Skip to main content
Premium Trial:

Request an Annual Quote

NSF Revises Integrative Biological Research Program Solicitation; Award $6.4M to 10 Proposals

NEW YORK, June 23 (GenomeWeb News) - The National Science Foundation revised a previously issued program solicitation for its Frontiers in Integrative Biological Research program.

 

NSF expects to award approximately $6.4 million to fund ten new proposals. Award size will vary by the project and will be up to five years. Funding decisions will be made by July 2007. The awards are expected to start by September 2007.

 

FIBR supports "integrative research that addresses major questions in the biological sciences," the NSF said on its web site. The program stresses integrative and interdisciplinary approaches, drawing on tools and concepts from fields like math and physical sciences, engineering, social sciences, and information sciences.

 

The program does not support research with disease related goals, such as etiology, diagnosis and treatment of human and animal diseases, or drug testing.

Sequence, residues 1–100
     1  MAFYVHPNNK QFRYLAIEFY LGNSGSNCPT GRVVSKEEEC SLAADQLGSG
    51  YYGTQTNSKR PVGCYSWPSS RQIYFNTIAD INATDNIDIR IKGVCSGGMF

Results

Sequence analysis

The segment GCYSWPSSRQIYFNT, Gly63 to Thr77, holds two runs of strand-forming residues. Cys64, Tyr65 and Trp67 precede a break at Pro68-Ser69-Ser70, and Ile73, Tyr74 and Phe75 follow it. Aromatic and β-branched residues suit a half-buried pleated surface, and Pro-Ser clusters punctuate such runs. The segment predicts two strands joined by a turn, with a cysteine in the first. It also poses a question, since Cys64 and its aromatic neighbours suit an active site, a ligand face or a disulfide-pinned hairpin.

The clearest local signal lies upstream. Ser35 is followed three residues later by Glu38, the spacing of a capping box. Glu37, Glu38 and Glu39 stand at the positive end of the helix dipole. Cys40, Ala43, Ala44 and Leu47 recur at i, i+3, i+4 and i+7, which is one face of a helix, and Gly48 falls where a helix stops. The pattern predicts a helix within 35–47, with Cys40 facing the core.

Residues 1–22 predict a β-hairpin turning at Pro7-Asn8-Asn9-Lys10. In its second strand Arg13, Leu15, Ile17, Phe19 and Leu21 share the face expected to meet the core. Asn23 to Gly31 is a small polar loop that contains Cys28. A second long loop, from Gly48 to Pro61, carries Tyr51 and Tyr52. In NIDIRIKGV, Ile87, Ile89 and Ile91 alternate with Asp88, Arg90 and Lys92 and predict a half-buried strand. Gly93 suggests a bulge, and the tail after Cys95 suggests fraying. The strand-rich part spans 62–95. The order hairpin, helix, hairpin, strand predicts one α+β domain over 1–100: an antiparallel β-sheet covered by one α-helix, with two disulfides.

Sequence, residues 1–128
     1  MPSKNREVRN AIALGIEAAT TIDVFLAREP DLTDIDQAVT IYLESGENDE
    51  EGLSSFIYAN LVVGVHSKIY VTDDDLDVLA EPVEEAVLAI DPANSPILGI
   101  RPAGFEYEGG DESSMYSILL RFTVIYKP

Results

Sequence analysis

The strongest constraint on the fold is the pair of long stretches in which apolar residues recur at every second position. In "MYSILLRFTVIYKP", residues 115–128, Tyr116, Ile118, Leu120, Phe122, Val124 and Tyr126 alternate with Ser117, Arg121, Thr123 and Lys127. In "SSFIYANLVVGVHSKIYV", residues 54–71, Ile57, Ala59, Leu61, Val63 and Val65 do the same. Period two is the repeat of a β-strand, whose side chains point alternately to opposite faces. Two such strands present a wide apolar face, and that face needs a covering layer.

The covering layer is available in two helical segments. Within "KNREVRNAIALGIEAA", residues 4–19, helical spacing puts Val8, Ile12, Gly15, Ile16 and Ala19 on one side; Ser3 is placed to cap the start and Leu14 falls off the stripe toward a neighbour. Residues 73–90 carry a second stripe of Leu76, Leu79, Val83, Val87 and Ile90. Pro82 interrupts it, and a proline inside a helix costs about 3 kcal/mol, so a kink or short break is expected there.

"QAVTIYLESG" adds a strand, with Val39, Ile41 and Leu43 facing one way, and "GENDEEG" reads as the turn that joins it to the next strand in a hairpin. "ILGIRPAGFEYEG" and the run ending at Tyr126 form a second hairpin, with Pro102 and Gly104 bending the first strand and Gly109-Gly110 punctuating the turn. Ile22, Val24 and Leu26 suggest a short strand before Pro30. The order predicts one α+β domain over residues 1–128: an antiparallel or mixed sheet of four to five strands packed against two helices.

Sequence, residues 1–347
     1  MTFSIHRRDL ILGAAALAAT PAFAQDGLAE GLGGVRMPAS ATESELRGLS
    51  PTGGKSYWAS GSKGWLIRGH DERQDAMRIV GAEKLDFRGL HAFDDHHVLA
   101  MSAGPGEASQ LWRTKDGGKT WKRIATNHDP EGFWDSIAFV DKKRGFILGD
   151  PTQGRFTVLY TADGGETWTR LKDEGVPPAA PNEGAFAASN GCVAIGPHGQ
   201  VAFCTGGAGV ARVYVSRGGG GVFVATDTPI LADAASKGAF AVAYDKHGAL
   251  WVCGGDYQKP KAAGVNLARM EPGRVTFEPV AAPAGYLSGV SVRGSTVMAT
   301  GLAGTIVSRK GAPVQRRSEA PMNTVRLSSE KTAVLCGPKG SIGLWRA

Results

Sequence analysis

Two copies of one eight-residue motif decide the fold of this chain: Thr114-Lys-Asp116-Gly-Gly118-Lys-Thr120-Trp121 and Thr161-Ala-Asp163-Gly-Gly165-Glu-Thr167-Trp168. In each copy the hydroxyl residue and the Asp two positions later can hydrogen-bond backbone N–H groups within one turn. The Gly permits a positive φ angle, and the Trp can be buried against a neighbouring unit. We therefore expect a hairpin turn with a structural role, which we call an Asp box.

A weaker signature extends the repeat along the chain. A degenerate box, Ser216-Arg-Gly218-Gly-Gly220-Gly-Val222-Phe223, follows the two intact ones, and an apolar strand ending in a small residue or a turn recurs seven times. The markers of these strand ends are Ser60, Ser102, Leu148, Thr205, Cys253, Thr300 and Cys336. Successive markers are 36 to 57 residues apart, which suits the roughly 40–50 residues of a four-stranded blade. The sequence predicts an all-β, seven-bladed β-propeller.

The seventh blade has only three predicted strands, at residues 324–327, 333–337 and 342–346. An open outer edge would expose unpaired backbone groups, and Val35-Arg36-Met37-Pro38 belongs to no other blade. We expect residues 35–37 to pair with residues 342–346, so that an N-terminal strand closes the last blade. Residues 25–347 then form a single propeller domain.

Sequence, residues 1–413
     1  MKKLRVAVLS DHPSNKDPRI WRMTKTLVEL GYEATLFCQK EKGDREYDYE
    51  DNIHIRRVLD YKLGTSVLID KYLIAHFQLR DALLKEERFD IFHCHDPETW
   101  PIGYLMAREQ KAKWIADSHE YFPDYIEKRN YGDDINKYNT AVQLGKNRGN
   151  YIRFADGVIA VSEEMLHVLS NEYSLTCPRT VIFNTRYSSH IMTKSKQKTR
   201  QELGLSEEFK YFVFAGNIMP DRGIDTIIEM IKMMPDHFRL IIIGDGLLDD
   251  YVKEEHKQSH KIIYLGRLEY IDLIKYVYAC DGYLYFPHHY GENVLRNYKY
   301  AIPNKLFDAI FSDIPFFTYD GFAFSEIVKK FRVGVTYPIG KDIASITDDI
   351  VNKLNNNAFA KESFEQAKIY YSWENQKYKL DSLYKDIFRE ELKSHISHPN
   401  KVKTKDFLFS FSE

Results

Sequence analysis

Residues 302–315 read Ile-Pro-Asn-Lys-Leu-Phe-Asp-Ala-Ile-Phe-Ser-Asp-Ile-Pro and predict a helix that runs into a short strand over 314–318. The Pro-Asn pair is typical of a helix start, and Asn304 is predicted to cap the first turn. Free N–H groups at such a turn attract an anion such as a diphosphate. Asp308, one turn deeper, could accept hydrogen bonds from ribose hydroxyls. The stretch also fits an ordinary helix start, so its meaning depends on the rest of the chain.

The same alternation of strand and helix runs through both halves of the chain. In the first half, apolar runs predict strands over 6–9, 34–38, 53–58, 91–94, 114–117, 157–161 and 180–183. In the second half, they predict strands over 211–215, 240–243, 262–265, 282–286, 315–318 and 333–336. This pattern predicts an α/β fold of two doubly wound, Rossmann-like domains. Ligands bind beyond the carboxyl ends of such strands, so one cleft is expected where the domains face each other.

The document, NSF 06-579, made four revisions to the previous solicitation, NSF 05-597. They include changes to proposal submission date and new length requirements for the preliminary proposals.

 

Preliminary proposals are now due Sept. 26. After a review by a panel of outside experts, selected teams will be invited to submit full proposals via FastLane or Grants.gov by Feb. 16, 2007.

 

 

 

 

 

The Scan

Booster Push

New data shows a decline in SARS-CoV-2 vaccine efficacy over time, which the New York Times says Pfizer is using to argue its case for a booster, even as the lower efficacy remains high.

With Help from Mr. Fluffington, PurrhD

Cats could make good study animals for genetic research, the University of Missouri's Leslie Lyons tells the Atlantic.

Man Charged With Threatening to Harm Fauci, Collins

The Hill reports that Thomas Patrick Connally, Jr., was charged with making threats against federal officials.

Nature Papers Present Approach to Find Natural Products, Method to ID Cancer Driver Mutations, More

In Nature this week: combination of cryogenic electron microscopy with genome mining helps uncover natural products, driver mutations in cancer, and more.